Aortic Disease and Pregnancy : AHA statement
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Aortopathy in the pregnant woman carries substantial cardiovascular risk (modified WHO pregnancy risk category of III–IV) because of the combination of hemodynamic changes and hormonally driven structural effects on the integrity of vascular/ connective tissue. Heritable fibrillinopathies, bicuspid valve–associated aortopathy, and Turner syndrome are a few of the many causes of aortopathy, which results in aneurysms and dissection in women of childbearing age.

The heritability and syndromic features of genetic aortopathies are heterogeneous, as is the risk of pregnancy-associated maternal cardiovascular morbidity and mortality. Unfortunately, this contributes to the challenging nature of caring for these women in pregnancy. Several published guidelines address prophylactic aortic root replacement to avoid spontaneous dissection.However, data in pregnancy are less clear and may include consideration of absolute diameter and the ratio of a cross-section to height.

In general, a multipronged approach to women with aortopathy is required during the antepartum, peripartum, and postpartum periods with clinical evaluation of blood pressure and echocardiographic assessment of aortic dimensions. Consideration of pharmacological therapy with β-blockers for strict blood pressure control is recommended. Echocardiographic evaluation of the aorta should be performed during pregnancy may be reasonable every 12 weeks in low-risk women with the mildly dilated aorta and warranted every month in women with severely dilated aorta or at high risk of dissection) and at 6 months after delivery.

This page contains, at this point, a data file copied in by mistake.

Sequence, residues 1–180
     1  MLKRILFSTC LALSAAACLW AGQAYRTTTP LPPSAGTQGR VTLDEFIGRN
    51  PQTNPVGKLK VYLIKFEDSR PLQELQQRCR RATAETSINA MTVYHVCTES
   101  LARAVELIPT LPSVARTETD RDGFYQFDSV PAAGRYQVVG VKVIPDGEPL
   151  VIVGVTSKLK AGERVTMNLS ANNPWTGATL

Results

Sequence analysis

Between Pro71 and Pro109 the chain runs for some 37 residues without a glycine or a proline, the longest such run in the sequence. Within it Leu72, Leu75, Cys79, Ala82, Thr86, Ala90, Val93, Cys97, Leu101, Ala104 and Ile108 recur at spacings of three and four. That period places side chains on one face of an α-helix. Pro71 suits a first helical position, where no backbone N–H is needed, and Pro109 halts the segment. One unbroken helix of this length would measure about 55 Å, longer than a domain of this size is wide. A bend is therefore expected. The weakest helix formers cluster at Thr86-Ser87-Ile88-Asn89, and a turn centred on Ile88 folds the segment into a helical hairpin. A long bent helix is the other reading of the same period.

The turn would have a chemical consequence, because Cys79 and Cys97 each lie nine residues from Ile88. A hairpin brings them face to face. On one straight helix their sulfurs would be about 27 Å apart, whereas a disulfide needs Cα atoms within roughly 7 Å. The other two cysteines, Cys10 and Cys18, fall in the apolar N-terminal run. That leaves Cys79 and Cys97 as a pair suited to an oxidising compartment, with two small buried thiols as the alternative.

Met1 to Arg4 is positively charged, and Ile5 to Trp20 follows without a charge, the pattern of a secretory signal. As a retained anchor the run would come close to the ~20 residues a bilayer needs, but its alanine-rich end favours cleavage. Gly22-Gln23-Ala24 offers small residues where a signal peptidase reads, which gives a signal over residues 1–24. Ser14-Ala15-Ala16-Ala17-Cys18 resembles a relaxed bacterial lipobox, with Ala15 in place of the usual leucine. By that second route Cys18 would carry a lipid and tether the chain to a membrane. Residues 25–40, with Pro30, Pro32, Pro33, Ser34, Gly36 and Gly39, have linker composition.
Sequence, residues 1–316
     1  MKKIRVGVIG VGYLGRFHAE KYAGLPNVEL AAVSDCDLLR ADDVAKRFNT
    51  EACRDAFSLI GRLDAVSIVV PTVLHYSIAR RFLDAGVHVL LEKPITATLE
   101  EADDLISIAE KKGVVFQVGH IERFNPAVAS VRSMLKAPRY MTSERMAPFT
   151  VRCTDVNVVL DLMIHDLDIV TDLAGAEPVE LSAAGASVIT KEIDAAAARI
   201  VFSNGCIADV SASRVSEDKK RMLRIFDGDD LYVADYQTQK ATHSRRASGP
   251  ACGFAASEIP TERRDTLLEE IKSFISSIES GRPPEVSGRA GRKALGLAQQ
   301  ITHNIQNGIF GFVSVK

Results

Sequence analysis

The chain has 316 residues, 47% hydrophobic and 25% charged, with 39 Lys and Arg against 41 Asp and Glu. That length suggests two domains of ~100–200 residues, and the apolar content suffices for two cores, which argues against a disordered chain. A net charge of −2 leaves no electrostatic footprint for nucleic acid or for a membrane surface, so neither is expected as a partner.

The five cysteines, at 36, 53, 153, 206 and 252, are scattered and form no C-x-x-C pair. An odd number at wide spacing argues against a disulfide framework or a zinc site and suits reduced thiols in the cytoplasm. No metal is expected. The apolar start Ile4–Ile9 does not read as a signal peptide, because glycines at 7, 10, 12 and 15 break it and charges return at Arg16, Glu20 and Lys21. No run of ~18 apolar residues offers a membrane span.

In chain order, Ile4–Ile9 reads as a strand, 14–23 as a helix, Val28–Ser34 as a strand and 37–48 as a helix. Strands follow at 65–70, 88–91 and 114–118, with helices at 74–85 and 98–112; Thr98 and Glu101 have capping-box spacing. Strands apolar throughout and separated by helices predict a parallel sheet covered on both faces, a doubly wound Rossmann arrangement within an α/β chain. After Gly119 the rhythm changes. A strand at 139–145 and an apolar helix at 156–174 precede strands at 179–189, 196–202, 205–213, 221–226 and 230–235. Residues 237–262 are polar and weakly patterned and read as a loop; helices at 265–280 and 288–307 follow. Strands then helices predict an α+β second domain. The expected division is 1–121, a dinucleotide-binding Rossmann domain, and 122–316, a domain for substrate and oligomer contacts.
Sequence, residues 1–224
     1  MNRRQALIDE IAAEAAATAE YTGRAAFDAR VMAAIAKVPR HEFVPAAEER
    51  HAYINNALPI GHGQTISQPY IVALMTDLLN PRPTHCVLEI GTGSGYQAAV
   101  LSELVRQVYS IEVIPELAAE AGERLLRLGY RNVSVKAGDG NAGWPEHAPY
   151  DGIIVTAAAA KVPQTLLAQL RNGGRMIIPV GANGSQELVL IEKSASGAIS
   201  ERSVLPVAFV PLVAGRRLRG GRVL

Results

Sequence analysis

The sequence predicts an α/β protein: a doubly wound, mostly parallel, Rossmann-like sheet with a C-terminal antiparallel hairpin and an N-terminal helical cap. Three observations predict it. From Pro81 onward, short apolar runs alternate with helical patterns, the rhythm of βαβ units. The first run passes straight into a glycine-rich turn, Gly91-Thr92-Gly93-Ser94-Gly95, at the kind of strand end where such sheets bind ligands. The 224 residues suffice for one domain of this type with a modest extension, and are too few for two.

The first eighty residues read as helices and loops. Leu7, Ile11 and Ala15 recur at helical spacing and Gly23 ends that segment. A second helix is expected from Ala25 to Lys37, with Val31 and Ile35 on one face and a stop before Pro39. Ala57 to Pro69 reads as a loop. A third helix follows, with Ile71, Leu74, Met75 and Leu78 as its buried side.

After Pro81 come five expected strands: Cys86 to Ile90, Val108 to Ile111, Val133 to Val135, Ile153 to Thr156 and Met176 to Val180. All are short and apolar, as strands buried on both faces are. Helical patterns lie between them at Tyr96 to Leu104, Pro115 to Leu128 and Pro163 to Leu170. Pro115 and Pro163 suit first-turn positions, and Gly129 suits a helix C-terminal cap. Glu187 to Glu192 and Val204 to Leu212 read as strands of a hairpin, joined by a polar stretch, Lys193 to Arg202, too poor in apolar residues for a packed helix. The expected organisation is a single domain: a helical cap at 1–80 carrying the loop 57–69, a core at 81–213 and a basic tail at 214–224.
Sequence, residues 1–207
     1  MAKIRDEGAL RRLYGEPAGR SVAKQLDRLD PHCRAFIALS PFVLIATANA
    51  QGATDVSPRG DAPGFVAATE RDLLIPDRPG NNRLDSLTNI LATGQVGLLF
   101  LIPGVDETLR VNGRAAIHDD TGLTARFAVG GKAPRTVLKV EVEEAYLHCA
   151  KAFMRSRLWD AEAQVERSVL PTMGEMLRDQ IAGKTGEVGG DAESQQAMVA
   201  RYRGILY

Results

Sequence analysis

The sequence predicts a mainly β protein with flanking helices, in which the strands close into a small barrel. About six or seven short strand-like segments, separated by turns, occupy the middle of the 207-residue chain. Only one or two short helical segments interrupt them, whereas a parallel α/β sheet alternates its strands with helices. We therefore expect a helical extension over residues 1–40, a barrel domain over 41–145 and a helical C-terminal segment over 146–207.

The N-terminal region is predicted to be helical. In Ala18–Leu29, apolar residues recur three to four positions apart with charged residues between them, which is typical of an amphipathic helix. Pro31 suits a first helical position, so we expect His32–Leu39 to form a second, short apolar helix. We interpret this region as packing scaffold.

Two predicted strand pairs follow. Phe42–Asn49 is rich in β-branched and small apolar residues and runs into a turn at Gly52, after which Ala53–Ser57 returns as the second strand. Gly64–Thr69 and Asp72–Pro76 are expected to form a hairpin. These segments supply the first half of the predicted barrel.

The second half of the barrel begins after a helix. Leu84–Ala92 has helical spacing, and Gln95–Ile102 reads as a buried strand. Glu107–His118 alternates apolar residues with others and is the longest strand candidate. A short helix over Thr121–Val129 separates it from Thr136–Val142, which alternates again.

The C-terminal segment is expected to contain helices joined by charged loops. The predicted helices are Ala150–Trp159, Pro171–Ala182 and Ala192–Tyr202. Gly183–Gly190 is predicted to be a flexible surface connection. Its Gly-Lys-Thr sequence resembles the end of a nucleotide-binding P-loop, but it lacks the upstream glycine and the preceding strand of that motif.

The cardio-obstetrics team approach would also include consideration of intervention if appropriate, multidisciplinary delivery planning, and postpartum follow-up, including when surgical replacement of the aorta is recommended. During pregnancy, Stanford type A dissection is a surgical emergency that would necessitate cardiothoracic surgical intervention to rapidly deliver the fetus and repair the dissection. Conservative medical management, including strict blood pressure control, is recommended for stable type B aortic dissections.

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